Early in 1965 additional information with respect to marihuana use, age at first arrest, and age at first opiate use became available on all new admissions to the two federal hospitals. Specifically, each patient «vas asked (a ) whether he had ever used marihuana, ( b ) at what age he was first arrested, (c) at what age he first used opiates, (d) present drug used, (e) method of administration, and (f) from whom drugs were obtained. The present study is focused upon an analysis of these six items from the revised admission summary sheet, although reference is made to other sources of data as seems appropriate.
The Distribution of Marihuana Use in the United States
In Table 7-I the percentage of subjects with and without a history of marihuana use is tabulated for each state. Three types of conditions were found to exist with respect to marihuana and opiate use in the United States (Fig. 7-2) . First was the positive association between marihuana and opiate use found in sixteen states, the District of Columbia, and Puerto Rico. In each of these high addiction states, more than 50 percent of the subjects have used marihuana as well as opiates. The sixteen marihuana statesconsist of two contiguous sets. Five of the marihuana states border on Mexico or the Gulf of Mexico: California, Arizona, New Mexico, Texas, and Louisiana. The other eleven marihuana states are located in the Eastern-Midwestern metropolitan belt, on the Atlantic from Boston to New York to Washington, D. C. and westward from Pittsburgh to Chicago to St. Louis. Included within this grouping of states are the District of Columbia and Puerto Rico.' (The marihuana states are those with ruled lines on map in Fig 7-2.)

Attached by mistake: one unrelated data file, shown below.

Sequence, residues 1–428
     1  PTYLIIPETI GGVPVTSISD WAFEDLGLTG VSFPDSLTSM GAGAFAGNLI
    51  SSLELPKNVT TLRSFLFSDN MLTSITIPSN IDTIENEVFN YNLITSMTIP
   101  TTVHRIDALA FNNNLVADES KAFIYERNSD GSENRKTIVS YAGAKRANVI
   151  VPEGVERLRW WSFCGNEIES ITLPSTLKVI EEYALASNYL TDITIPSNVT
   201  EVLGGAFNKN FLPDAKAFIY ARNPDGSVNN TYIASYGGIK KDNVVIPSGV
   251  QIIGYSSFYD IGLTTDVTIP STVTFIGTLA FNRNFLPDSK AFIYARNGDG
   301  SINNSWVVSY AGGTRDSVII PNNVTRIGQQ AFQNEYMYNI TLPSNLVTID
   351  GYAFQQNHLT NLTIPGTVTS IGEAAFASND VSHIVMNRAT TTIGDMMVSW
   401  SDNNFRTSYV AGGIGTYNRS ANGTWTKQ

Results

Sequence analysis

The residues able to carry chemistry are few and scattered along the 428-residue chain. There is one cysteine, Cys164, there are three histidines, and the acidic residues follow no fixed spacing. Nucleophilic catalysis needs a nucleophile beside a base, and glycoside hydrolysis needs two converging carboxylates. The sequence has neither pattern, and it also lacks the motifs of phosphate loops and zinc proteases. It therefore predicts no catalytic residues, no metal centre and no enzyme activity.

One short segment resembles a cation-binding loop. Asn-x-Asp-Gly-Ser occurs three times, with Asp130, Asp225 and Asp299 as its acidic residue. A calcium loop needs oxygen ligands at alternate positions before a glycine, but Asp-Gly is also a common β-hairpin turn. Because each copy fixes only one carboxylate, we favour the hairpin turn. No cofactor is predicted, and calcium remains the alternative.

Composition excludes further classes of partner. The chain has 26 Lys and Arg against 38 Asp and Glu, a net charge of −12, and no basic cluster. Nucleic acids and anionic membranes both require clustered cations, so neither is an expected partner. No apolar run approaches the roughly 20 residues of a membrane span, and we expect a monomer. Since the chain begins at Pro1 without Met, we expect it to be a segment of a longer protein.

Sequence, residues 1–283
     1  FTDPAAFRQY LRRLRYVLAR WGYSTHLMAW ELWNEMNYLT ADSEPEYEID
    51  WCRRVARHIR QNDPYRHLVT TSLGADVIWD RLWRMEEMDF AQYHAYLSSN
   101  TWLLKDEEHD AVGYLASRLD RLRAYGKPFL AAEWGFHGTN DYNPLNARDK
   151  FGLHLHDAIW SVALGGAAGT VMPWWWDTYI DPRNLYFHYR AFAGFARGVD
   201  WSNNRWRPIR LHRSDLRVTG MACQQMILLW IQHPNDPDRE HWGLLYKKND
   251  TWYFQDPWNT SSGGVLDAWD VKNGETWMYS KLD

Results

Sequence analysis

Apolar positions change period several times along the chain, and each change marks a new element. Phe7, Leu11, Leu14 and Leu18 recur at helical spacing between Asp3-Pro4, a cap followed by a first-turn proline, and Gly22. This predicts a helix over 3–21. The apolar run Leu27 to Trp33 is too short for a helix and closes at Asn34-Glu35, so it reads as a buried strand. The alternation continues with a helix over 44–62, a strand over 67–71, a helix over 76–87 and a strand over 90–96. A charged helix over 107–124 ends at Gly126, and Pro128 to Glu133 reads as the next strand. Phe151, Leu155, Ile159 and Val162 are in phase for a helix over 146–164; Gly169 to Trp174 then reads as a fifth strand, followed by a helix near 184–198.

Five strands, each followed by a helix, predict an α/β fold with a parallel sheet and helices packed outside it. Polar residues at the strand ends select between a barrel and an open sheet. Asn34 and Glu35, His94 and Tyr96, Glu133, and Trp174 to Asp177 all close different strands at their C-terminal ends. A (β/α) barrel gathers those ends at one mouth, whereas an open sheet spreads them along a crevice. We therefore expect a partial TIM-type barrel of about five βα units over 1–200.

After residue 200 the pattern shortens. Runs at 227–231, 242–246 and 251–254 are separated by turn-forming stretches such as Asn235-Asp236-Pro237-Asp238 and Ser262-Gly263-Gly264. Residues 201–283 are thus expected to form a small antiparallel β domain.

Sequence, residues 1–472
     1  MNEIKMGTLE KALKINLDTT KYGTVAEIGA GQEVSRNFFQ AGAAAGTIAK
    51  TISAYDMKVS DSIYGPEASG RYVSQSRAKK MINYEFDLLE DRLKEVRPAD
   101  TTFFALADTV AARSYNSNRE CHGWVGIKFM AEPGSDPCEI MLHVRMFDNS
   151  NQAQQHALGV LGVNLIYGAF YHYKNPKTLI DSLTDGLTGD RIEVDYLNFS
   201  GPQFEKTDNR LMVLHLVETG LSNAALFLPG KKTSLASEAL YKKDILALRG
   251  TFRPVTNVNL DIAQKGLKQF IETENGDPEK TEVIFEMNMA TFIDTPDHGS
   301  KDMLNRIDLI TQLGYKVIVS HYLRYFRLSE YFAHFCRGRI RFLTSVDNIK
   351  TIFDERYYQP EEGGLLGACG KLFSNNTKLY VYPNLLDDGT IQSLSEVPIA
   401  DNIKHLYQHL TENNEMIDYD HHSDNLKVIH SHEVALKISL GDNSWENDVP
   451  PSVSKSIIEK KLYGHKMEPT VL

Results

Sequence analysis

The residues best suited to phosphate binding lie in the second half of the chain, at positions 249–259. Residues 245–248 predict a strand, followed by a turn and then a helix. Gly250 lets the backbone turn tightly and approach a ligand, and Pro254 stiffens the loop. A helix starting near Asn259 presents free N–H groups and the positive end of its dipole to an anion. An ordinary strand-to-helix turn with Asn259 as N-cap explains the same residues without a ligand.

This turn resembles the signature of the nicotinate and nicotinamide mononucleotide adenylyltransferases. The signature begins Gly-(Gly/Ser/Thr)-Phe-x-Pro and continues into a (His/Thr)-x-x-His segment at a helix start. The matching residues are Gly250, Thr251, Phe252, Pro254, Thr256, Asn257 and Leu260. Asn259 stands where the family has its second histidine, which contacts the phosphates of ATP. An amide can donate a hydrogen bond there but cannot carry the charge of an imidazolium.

A second type of association is found in twelve states wherein most of the opiate addicts have never used marihuana. Theseopiate only states (shown by dots in Fig. 7-2) are found in the South and constitute a regionally based area from Miami to Oklahoma to Virginia. In Chapter 5, the pattern of drug abuse in these states has been referred to as the southern pattern of opiate addiction in the United States. It involves the use of opiates other than heroin and it is not associated with marihuana use.